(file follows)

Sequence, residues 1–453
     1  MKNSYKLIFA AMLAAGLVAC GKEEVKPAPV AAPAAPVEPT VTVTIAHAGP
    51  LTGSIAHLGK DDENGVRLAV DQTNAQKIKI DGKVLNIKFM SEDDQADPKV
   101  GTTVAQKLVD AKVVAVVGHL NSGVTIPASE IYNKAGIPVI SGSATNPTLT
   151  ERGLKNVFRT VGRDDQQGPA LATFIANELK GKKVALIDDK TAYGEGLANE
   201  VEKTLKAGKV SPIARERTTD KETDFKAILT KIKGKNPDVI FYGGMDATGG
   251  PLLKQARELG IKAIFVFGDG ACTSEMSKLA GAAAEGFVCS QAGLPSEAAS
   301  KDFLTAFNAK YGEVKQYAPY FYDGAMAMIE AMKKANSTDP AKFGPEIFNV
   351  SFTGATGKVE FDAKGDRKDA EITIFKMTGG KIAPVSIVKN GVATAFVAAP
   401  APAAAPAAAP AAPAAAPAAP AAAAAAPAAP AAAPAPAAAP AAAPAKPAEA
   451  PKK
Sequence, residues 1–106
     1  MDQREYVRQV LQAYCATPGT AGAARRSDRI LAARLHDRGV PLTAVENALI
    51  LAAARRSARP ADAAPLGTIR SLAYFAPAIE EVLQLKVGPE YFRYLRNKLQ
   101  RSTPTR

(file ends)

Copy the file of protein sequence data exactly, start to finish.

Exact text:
Sequence, residues 1–453
     1  MKNSYKLIFA AMLAAGLVAC GKEEVKPAPV AAPAAPVEPT VTVTIAHAGP
    51  LTGSIAHLGK DDENGVRLAV DQTNAQKIKI DGKVLNIKFM SEDDQADPKV
   101  GTTVAQKLVD AKVVAVVGHL NSGVTIPASE IYNKAGIPVI SGSATNPTLT
   151  ERGLKNVFRT VGRDDQQGPA LATFIANELK GKKVALIDDK TAYGEGLANE
   201  VEKTLKAGKV SPIARERTTD KETDFKAILT KIKGKNPDVI FYGGMDATGG
   251  PLLKQARELG IKAIFVFGDG ACTSEMSKLA GAAAEGFVCS QAGLPSEAAS
   301  KDFLTAFNAK YGEVKQYAPY FYDGAMAMIE AMKKANSTDP AKFGPEIFNV
   351  SFTGATGKVE FDAKGDRKDA EITIFKMTGG KIAPVSIVKN GVATAFVAAP
   401  APAAAPAAAP AAPAAAPAAP AAAAAAPAAP AAAPAPAAAP AAAPAKPAEA
   451  PKK
Sequence, residues 1–106
     1  MDQREYVRQV LQAYCATPGT AGAARRSDRI LAARLHDRGV PLTAVENALI
    51  LAAARRSARP ADAAPLGTIR SLAYFAPAIE EVLQLKVGPE YFRYLRNKLQ
   101  RSTPTR